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What Is an Impersonal Pronoun?

Nicole Madison
Updated May 23, 2024
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A pronoun is a part of speech used to replace nouns. An impersonal pronoun is used when a person does not want to indicate a specific noun. For example, if a person wants to use a pronoun for his teacher, he may use the word "he" instead of "teacher" or "Mr. King." If he doesn't want to indicate someone or something in particular, however, he may use impersonal pronouns such as "it," "everyone," "one," or "anyone." An example of impersonal pronoun use may be a case in which a person says, "It's fine" or "It's never easy."

The lack of specification is key when it comes to understanding how impersonal pronouns work. Often, people use pronouns in a manner that defines the person, place, or thing to which it refers. An example of this can be found in the following sentence: He let the door slam as he left the building. In such a case, a particular person let the door slam and the word "he" is used to identify the person, or specific noun.

In contrast, an example of an impersonal pronoun can be found in the following sentence: Anyone could have slammed the door. Since the word "anyone" does not reveal who is being discussed, it is an impersonal pronoun. Other examples of impersonal pronouns include no one, everyone, it, nobody, and anybody, though there are many others as well.

Sometimes people use the word "they" as an impersonal pronoun, but many frown upon this practice. For example, the sentence, "They say change is coming," does not identify who "they" are, and as such, the listener or reader may feel confused about the people who are being discussed. Some people also use this pronoun incorrectly in general by using it to refer to a single person or a business as a whole.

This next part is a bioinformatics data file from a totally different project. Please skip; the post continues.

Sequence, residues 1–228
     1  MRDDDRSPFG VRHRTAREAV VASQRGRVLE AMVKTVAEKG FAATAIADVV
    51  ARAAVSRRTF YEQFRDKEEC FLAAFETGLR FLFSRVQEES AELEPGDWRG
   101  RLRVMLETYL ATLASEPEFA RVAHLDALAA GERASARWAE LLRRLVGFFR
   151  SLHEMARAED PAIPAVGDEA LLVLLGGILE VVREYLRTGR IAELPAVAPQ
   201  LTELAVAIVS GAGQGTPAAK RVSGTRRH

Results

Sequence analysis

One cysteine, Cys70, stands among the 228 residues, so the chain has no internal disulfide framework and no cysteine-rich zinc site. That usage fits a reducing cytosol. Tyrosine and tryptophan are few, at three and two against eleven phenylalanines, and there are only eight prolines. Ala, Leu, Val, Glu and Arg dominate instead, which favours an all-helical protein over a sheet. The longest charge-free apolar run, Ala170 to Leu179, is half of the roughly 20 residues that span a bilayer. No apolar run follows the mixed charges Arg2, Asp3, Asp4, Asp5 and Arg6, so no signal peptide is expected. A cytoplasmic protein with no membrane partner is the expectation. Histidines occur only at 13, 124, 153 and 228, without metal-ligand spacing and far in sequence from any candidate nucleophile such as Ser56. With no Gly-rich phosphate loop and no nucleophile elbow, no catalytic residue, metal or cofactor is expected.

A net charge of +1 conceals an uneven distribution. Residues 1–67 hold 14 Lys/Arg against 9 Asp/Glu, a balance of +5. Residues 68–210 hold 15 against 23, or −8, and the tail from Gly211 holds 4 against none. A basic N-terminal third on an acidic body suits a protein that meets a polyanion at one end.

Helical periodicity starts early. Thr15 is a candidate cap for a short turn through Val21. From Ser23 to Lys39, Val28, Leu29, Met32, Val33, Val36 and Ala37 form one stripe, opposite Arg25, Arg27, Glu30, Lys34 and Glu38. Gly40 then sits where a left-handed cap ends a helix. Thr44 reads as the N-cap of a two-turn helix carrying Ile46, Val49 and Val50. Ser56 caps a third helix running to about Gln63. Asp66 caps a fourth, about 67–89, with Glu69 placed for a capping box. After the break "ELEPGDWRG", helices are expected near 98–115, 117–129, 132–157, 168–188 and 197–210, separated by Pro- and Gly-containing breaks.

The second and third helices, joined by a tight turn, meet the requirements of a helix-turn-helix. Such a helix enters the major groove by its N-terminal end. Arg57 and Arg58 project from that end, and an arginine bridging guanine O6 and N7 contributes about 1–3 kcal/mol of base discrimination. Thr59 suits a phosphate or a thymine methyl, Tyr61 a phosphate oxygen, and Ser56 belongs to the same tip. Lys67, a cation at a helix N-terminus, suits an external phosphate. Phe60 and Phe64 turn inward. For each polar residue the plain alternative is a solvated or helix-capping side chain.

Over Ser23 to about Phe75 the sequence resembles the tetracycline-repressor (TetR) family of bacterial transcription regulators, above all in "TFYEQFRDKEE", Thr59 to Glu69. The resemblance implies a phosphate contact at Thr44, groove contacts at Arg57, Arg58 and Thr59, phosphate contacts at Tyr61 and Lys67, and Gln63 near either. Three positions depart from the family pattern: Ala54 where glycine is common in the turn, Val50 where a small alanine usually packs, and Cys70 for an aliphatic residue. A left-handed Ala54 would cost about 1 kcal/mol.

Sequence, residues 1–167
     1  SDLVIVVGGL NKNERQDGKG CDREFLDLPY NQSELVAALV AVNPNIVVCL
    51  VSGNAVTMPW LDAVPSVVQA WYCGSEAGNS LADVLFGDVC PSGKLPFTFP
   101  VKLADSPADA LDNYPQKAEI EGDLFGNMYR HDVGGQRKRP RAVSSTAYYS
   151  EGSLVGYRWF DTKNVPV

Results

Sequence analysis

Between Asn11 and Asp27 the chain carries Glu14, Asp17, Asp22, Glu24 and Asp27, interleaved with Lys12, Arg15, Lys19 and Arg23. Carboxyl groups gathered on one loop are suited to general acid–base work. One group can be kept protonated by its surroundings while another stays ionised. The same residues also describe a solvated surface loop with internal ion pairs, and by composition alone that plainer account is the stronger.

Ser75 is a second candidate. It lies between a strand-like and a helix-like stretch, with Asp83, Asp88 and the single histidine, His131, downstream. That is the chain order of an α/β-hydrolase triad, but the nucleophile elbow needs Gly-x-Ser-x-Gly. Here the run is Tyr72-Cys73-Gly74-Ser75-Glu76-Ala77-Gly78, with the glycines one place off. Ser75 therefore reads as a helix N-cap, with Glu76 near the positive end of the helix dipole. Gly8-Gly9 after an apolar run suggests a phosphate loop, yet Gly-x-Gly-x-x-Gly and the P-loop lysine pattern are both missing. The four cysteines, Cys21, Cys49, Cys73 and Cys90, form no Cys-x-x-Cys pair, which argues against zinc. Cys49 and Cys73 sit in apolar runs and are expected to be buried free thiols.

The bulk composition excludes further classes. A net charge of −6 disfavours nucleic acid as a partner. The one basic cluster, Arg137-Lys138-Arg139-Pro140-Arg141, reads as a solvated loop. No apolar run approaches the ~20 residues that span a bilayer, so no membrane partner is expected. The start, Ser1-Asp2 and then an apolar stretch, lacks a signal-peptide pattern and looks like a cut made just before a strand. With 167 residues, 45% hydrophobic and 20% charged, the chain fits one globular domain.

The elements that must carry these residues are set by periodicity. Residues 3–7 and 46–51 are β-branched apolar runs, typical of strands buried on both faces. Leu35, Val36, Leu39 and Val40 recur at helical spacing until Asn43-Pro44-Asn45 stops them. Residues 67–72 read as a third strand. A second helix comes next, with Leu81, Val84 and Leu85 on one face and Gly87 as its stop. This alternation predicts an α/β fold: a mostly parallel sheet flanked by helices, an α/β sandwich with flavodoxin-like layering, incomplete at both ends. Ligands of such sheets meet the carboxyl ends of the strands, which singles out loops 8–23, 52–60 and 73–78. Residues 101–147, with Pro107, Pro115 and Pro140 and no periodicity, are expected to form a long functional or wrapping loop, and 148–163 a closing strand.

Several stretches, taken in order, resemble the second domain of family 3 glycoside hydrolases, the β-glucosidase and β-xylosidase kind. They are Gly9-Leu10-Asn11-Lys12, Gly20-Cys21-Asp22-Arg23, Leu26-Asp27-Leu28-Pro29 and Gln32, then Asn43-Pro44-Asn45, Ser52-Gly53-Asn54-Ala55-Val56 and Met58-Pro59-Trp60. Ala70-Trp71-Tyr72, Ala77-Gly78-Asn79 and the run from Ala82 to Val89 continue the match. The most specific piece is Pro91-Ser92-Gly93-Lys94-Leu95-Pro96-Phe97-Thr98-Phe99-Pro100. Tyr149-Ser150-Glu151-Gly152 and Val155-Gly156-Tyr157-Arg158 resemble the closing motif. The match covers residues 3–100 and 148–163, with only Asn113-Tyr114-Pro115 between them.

Often, impersonal pronouns also translate into problems when it comes to subject and verb agreement. For example, many people use the word "everyone" with a plural verb form because they think of "everyone" as meaning lots of people. "Everyone," however, really means every one person and takes on a singular verb. In many cases, an individual realizes this mistake when he makes a sentence using "everyone" and the verb "are" and notices how awkward it sounds.

Even the word "you" can be used as an impersonal pronoun. An example of this is when a person makes a general statement, such as "You should never neglect your teeth." In such a case, the speaker usually means anyone or everyone should brush his teeth rather than directing this comment at a particular person.

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Nicole Madison
By Nicole Madison , Writer
Nicole Madison's love for learning inspires her work as a Language & Humanities writer, where she focuses on topics like homeschooling, parenting, health, science, and business. Her passion for knowledge is evident in the well-researched and informative articles she authors. As a mother of four, Nicole balances work with quality family time activities such as reading, camping, and beach trips.

Discussion Comments

By Chmander — On Jan 25, 2014

@RoyalSpyder - You bring up some very good points. There have been many times where people were confused at what I was saying, as I didn't clarify who/what I was talking about. In fact, they even seemed a bit offended.

However, on the flip side of things, I've also felt offended by others as well. I misunderstood who/what they were referring to, and I took it personally. Lately, I've been more aware of how I use impersonal pronouns, always making sure to clarify if need be.

By RoyalSpyder — On Jan 24, 2014
From reading the article, it's not hard to see how impersonal pronouns can lead to problems. As the article indirectly states, they can even create miscommunications. I'm not saying that we should refrain from using them, but it's always a good idea to be cautious, and more importantly, clarify what we're saying to one another.

As an example, if a teacher was reprimanding a misbehaved class, and said to them, "you will be punished", it sounds like she's referring to all the students in the class. However, it's possible that she's only referring to those who were out of line. Without clarification, impersonal pronouns are ambiguous at best.

Nicole Madison

Nicole Madison


Nicole Madison's love for learning inspires her work as a Language & Humanities writer, where she focuses on topics like...
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